Annie and the OTE Sports team have devised a plan based on a rider completing the route at around 15 miles per hour, taking 6.5 hours. The aim is to take on 60g of carbs per hour. The food is all taken on at the key ‘hubs’ but it’s a good idea to stop at drinks stops if it’s a hot day and you need extra hydration.


Start with two 500ml bottles of energy drink containing 40g of carbohydrates each.

In your back pocket pack keep two energy bars and one energy gel – this should be your emergency gel for if you really need it.

The first feed hub should take just under two hours to reach, so aim to consume both bottles and bars during this time ready to refill at feed one.

Feed 1: Mile 26 – Hampton Court Palace

Fill up your two 500ml bottles with energy drink and grab an energy bar and energy gel.

Again, aim to consume both bottles and the energy bar evenly over the next 22 miles. The next feed station is at the top of a hill, so try consuming the gel at around mile 42-43 as a boost for the climb.

Feed 2: Mile 48 – Newlands Corner

The next section of the sportive is the longest and also takes you over the two biggest climbs on route, Leith Hill and Box Hill. This will make it harder to eat solid food along the way so it’s advisable to make the switch to using energy drink and energy gels.

Fill your bottles with energy drink and collect three energy gels, and have an energy bar just before you set off from the feed. Sip the energy drink little and often again, and aim to consume a gel every 40 minutes.

If you find you are starting to tire or it is particularly hot, stop at Westcott drink stop at mile 62 for some extra fluid.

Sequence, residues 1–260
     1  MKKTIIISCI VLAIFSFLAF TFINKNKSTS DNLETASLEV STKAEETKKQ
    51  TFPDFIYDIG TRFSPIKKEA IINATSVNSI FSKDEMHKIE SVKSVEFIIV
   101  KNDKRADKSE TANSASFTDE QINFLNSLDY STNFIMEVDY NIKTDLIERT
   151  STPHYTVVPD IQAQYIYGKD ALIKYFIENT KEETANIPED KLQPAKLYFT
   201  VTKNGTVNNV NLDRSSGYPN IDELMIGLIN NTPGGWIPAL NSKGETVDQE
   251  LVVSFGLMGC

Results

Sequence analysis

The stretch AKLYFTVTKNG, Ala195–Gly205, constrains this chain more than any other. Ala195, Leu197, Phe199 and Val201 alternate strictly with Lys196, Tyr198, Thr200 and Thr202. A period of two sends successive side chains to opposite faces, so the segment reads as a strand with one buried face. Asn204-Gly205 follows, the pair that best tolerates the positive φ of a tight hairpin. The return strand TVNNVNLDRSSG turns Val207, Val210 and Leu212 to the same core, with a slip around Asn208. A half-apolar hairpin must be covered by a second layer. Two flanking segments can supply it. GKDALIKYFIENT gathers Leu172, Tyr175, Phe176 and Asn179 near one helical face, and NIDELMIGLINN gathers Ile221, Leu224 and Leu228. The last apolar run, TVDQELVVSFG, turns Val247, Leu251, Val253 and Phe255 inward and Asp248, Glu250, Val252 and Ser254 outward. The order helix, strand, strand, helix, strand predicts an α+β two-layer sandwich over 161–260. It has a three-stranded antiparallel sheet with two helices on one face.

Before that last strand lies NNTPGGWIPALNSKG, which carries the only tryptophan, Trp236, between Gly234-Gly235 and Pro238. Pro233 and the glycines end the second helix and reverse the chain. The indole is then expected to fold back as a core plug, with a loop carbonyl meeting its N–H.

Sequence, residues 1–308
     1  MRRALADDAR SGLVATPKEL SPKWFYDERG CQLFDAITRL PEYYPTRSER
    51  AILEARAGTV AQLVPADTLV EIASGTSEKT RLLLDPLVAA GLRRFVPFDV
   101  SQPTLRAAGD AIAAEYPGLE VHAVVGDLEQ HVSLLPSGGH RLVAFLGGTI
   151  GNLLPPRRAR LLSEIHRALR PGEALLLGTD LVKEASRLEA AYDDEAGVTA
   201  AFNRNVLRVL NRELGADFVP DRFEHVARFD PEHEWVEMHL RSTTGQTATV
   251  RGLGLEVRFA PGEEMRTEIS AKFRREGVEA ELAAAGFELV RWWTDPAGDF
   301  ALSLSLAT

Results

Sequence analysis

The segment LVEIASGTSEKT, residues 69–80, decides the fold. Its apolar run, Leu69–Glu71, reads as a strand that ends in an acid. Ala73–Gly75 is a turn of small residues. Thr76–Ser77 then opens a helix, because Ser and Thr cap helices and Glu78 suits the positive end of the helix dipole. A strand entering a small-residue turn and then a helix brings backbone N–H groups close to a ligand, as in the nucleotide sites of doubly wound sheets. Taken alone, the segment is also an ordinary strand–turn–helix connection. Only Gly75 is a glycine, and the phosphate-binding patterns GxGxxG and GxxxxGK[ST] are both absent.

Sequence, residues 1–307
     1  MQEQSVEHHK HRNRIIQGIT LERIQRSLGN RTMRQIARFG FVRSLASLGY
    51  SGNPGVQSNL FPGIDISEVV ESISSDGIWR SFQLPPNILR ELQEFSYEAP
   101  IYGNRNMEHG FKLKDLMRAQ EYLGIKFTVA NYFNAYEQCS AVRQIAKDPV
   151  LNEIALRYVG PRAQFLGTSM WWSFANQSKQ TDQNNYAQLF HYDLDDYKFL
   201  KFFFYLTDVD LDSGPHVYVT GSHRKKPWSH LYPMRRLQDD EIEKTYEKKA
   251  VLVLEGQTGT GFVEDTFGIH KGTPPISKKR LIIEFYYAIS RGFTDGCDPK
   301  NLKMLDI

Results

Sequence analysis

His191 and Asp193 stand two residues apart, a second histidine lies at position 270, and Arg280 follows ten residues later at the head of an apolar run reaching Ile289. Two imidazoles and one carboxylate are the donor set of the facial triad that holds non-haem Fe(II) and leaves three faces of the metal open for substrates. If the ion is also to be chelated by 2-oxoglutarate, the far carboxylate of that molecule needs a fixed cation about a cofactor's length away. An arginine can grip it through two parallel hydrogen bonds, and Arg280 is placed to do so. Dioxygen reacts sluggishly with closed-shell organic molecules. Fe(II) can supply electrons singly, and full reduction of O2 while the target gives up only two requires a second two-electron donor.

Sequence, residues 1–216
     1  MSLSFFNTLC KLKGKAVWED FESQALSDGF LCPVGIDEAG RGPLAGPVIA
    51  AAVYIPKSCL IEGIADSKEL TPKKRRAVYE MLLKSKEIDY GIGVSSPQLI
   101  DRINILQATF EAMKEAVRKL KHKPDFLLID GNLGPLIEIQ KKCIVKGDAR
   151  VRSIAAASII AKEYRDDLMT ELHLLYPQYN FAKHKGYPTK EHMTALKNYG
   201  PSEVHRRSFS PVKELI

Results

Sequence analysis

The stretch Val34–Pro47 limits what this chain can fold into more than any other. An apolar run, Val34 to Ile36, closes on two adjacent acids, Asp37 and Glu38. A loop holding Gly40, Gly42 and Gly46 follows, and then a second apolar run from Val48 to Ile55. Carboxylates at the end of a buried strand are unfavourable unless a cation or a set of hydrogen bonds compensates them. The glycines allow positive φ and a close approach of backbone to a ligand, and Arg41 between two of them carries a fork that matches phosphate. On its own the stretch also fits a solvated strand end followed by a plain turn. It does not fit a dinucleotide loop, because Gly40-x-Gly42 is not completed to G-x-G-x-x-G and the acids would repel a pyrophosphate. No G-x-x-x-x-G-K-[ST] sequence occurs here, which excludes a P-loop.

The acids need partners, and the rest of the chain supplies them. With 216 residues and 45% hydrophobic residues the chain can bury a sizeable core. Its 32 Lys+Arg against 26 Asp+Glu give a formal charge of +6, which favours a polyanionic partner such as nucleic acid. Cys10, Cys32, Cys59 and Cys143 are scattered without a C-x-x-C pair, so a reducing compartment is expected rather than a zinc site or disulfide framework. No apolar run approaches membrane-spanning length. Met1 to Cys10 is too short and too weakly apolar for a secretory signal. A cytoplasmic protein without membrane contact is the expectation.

Feed 3: Mile 75 – Leatherhead

Three-quarters of the way through and all the major climbs are over. You should arrive at this feed again needing to fill the bottles with drink.

Go for one energy drink and one water this time and pick up a bar and a gel.

It is only ten miles until the next feed station but you will no doubt be feeling the last 75 miles in your legs. Keep fuelling until the very end and again consume the drink and food over the next ten miles, looking to consume something every 30 minutes.

Feed 4: Mile 85 – Kingston-upon-Thames

The last feed is 15 miles and around an hour of riding from the end. Fill your two bottles and stay on top of hydration, especially if you have a long drive home after the event (dehydration can affect concentration), and at this point if you can get your hands on some caffeine gels then this will act as a much needed boost for the final leg.

Caffeine lowers your perceived exertion and can give a notable lift when feeling fatigued, so have this as you leave the feed and have one last gel as a spare to consume 30 minutes later if you need it for that final push into central London.

Recovering after RideLondon

With the ride complete, you probably just want to collapse in a heap and soak up the virtuous rays of having completed an incredible ride.

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However, taking on the right food now will mean you’ll feel better in the coming hours and days as your recovery will be kickstarted.

Annie says: “Within 30 minutes of the finish, aim to consume a recovery drink or snack containing both protein and carbohydrates. Recovery shakes are perfect for this as they are convenient and easy to consume, and could really help your legs to return to normal.”

We’ve got a few options for you that will help you to top up your protein and carb levels:

To make at home

Recipe: 15 Minute Sweet Potato and Tuna Warmer

Recipe: 15 Minute Quesadillas

Recipe: 15 Minute Omelette Muffins

10 Quick and Tasty Meals to Make After Training

To make in advance and take with you

Recipe: Banana Protein Powder Nutella Muffins

Protein Powder Recipe: Energy Cookies

8 Exciting New Ways to use Protein Powder